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The Internet Has Gone Mobile

The other day, I raced out of my office on my way to the airport and traffic was a mess. I realized I had not left enough buffer time to get to the airport and check in before running to security. Well, sitting in the taxi, I reached for my smartphone, went online and checked-in to save myself the check-in line at the airport. I managed to make my flight, albeit a little more stressed than usual.

I sat on the plane and reached for my laptop only to realize I left it at my desk. What a disaster! Well, not quite, I happened to have my tablet and smartphone with me -- enough to do my work while I traveled to visit a customer. This wouldn’t have been an option five years ago and it became very clear to me at that moment that the Internet has gone completely mobile.

We all need and want to be connected constantly, using whatever device we choose and want to do more of our work and personal activities wherever and whenever we want.  Having multiple devices with many applications has truly become what we like to call the “new normal.” As would be expected, this new normal brings a substantial change to mobile networks and all of this poses significant opportunities and challenges for our service provider customers.

Operators must build core networks with Read More »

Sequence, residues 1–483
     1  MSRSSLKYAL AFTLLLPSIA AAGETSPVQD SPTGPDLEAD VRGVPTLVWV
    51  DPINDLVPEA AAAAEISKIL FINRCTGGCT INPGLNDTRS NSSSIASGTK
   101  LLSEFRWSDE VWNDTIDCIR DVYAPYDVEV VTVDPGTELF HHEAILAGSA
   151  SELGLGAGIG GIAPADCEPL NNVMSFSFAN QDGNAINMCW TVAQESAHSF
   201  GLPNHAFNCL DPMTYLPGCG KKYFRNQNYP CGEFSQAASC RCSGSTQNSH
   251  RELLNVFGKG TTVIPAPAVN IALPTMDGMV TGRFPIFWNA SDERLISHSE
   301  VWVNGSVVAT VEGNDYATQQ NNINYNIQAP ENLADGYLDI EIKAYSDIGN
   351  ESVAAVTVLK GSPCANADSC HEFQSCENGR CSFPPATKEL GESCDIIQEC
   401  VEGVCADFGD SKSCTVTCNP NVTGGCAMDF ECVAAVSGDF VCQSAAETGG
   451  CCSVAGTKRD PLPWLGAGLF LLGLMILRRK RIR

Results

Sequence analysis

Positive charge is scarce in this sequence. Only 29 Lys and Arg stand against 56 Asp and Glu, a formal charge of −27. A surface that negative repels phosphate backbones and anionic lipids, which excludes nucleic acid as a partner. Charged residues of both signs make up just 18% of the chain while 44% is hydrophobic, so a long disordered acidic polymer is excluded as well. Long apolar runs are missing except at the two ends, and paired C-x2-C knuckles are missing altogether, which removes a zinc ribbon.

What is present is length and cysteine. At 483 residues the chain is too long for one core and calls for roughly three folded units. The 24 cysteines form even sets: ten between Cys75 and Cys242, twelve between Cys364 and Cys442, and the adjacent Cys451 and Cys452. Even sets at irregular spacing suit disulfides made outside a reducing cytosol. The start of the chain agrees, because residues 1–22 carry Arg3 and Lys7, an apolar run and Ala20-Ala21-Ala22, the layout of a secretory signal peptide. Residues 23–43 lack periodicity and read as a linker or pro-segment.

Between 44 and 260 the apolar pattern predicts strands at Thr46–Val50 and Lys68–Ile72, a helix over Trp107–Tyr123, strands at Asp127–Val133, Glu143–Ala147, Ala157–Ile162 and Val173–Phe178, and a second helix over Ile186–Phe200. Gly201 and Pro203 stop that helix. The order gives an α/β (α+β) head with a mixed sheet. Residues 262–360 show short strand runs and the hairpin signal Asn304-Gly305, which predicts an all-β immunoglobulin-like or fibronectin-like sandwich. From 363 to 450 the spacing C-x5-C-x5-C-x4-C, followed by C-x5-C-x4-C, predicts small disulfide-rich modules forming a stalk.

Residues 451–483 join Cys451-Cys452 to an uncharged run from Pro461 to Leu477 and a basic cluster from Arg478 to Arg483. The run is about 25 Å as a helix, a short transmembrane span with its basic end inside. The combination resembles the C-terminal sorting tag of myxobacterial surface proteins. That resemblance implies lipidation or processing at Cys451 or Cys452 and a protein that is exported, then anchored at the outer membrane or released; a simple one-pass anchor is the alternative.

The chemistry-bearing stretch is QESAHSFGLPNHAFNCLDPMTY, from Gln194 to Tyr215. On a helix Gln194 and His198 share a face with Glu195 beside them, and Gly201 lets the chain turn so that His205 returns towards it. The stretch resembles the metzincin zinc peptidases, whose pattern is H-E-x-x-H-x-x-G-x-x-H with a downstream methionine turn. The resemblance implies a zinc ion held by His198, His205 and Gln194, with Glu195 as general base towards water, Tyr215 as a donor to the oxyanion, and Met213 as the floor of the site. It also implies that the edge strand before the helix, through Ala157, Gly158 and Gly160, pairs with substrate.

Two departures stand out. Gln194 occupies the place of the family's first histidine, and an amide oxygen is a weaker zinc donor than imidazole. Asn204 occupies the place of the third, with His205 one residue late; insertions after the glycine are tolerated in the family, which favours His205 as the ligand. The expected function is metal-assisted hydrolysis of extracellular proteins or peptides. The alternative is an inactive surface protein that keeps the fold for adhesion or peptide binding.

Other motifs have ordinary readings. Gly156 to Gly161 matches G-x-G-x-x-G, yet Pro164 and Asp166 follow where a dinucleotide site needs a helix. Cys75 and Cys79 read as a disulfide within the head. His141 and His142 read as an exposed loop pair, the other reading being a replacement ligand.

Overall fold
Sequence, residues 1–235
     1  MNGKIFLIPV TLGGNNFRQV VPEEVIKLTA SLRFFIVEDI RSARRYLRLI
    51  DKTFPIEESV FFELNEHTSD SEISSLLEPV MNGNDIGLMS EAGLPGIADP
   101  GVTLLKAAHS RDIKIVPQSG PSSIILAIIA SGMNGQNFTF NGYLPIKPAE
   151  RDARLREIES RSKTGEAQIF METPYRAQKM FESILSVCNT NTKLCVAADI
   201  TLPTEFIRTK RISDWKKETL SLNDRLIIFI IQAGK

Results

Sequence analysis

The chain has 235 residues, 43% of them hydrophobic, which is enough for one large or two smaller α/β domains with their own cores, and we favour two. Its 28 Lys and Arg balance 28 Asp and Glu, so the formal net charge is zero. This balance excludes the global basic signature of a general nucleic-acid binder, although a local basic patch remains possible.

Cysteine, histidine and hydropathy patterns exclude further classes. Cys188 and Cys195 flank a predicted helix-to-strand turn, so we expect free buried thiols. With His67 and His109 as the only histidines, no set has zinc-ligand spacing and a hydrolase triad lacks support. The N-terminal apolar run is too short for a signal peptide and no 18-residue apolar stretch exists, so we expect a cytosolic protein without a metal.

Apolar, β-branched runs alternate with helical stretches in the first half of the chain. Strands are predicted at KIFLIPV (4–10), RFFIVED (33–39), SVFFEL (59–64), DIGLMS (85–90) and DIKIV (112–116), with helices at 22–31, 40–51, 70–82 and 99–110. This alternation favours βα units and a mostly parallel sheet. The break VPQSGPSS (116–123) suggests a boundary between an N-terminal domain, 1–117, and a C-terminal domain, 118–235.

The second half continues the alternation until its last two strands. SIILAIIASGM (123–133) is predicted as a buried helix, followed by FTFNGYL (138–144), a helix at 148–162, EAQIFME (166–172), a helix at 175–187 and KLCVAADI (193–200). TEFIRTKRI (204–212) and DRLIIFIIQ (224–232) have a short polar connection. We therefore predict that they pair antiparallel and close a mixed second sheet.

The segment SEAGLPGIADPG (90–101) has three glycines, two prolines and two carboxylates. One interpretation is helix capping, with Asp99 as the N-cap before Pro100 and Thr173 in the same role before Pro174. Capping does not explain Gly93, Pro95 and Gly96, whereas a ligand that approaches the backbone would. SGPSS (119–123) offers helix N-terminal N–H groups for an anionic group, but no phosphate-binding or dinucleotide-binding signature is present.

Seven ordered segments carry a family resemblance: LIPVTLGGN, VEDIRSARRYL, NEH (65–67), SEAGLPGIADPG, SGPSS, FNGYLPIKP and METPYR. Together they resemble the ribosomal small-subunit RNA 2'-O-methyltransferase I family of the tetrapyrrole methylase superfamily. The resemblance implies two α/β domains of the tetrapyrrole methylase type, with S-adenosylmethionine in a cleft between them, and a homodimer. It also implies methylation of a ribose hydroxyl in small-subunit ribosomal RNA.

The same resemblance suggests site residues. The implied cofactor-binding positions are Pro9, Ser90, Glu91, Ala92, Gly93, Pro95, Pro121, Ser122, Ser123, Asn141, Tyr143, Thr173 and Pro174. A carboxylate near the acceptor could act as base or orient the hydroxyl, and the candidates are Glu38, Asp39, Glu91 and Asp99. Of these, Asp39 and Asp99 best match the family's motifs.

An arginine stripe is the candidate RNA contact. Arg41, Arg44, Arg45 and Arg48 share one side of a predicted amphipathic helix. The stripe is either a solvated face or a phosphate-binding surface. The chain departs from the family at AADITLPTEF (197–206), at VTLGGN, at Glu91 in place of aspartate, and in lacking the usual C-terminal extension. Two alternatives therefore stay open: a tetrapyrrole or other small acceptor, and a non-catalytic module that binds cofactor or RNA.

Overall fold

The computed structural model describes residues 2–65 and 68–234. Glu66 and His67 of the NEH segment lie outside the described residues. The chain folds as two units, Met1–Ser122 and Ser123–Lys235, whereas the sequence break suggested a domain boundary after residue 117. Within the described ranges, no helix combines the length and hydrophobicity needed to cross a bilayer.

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Broadband: Exploring the Demographic Patterns

By Howard Baldwin, Contributing Columnist

Broadband wireless technology has no doubt had an impact on enterprise productivity — the ability for companies to provide anytime, anywhere access to both data and colleagues means faster response time and the competitive advantage that brings.

But we sometimes focus more on the corporate impact than the impact it has on personal lives as well — and not just the ability of teenagers to text or celebrities to tweet.

Read More »

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Announcing Foundation of the Mobile Internet: the Cisco ASR 5500

It’s been a very busy month at Cisco for Mobility:

Less than 3 weeks ago, we debuted the “Your Way” campaign, highlighting the importance of the mobile experience to both our customers and Cisco as a whole.